By Clare Illingworth,
University of Guelph
one Fell swoop
A fresh approach to repairing a cleft palate lets a
rare pony foal live
Less than a dozen
Fell poniesa rare breed imported from northern England in the 1940sexist
in Canada. So when one is born with a serious physical defect, alarm bells
sound. Fortunately, in the case of two-day-old Fell filly June Bug, Ontario
Veterinary College researchers were standing by. And, based on their experiences
with her, they now have a new way to help other horses with similar problems.
June Bug came to OVC two summers ago suffering from a cleft palate, a
tear to the soft palate located between the windpipe and throat. This
soft palate, along with another structure in the throat called the epiglottis,
come together to seal the air pipes when food is swallowed. The tear breaks
this seal, allowing milk to enter the windpipe and then the lungs. This
causes fatal pneumonia, essentially drowning the animal if left untreated.
a highly unusual problem in horses, but is not thought to be inherited.
Owner Joan OBrien of Sterling, Ontario, knew she had trouble on
her hands. June Bug was so small that our vet had to use dog-sized
instruments to inspect her mouth, says OBrien.
Because of the severity of the problem, June Bug was referred to OVC,
Dr. Ludovic Bouré took on her case.
Bouré took a new approach using human surgical instruments to repair
the tear. The traditional surgical procedure involved breaking the jaw
open and exposing the inner throat, which often results in infection of
the jaw bones. It was much too invasive, he says. Besides,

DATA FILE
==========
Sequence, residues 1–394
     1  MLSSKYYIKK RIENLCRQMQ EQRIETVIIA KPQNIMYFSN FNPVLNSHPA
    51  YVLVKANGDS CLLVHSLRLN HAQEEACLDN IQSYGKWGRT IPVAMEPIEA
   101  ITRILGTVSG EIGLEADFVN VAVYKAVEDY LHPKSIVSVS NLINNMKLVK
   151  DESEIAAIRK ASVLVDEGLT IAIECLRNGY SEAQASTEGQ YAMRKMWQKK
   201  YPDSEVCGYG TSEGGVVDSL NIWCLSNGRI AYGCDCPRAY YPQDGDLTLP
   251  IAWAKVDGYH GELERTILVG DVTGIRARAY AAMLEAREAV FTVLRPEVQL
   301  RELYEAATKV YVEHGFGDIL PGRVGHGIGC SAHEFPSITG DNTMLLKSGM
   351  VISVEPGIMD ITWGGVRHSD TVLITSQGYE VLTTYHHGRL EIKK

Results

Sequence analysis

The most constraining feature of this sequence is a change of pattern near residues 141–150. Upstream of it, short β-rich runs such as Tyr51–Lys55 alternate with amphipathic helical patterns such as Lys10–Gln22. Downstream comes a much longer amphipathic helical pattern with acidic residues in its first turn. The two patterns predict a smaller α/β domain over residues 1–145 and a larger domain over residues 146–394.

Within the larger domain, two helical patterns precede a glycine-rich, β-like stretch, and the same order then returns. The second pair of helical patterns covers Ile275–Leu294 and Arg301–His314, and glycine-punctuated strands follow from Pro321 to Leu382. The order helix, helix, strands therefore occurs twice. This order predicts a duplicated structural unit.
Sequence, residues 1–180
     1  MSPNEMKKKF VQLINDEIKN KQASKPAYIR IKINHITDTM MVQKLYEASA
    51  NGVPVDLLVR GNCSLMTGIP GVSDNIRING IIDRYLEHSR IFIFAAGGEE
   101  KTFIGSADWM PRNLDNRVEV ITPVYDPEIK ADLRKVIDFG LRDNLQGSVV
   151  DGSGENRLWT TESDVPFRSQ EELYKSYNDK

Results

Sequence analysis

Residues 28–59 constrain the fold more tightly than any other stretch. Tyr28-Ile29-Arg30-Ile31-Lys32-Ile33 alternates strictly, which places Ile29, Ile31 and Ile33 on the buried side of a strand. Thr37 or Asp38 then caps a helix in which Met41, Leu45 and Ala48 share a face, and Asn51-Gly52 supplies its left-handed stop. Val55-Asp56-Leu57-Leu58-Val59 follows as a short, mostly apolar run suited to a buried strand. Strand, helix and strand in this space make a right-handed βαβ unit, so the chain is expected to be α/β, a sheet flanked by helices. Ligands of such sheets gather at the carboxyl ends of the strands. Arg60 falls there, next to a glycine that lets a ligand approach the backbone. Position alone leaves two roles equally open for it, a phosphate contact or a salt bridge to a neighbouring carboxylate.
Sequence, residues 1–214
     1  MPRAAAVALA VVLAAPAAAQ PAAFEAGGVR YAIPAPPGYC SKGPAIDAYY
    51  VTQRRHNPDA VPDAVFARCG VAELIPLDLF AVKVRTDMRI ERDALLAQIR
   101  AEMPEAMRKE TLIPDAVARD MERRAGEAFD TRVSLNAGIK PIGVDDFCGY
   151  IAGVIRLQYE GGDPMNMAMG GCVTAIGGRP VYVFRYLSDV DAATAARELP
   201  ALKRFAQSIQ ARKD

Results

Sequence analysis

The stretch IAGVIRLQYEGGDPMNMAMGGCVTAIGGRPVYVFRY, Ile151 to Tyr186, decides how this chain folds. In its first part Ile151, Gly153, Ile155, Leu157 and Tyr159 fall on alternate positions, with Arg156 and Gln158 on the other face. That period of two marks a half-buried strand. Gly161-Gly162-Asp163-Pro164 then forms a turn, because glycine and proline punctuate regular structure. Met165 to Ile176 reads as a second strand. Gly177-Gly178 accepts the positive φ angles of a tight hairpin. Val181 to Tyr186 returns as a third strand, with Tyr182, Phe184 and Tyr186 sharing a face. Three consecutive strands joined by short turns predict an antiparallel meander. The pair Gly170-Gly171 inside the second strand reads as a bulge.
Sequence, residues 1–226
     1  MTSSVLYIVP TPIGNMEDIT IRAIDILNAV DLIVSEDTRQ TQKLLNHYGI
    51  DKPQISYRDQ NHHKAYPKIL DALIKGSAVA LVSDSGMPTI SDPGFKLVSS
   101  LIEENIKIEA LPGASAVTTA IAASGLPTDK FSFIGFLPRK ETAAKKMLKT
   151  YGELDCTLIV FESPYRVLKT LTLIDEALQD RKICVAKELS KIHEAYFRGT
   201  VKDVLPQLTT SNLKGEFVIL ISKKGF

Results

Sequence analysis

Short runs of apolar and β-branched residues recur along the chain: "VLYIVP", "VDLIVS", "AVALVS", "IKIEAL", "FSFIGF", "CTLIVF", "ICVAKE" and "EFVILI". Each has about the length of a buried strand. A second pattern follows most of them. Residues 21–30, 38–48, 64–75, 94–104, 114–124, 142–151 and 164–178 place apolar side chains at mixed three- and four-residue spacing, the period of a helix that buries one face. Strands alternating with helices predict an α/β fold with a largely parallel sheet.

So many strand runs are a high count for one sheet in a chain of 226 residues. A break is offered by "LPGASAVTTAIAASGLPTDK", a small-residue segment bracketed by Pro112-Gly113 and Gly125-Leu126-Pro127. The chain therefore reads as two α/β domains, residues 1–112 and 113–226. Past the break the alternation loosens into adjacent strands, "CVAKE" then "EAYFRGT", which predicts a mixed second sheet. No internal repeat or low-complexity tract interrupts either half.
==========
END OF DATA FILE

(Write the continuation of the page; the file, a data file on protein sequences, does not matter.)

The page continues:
the low chance of recovery means its hardly ever performed.
For the surgery, Bouré used an endoscopea small telescoped
video cameraand guided it through the anesthetized fillys
mouth, allowing him to view the magnified site on a screen. Long instruments
such as needle drivers and scissors used for human laparoscopic surgery
were also entered through the mouth, to stitch the tear in the soft
palate. This allowed for a tight seal with the epiglottis.
June Bug spent two weeks at the hospital being treated for pneumonia.
She was fed by a stomach tube to prevent movement of the soft palate during
swallowing, which gave the stitches a chance to heal. Her progress was
reassessed after two weeks and results
showed that only a small portion of the palate had re-torn, but not enough
warrant another surgery.
The mare enjoyed a healthy recuperation and has grown into a fine pony.
She is beginning light training in riding and driving, and owing to her
impressive bloodlines she will join
OBriens breeding program (she owns four of the eight Fell
ponies in Canada)
and have a foal of her own in 2003. OBrien hopes that June Bug will
be central to her goal of improving the breeds numbers and stock
quality in Canada.
PHOTO BELOW: Fell pony foal June Bug recovers at Deerstones Farm, with
May Flower, after undergoing the first laproscopic surgery for a cleft
Photo by Joan O'Brien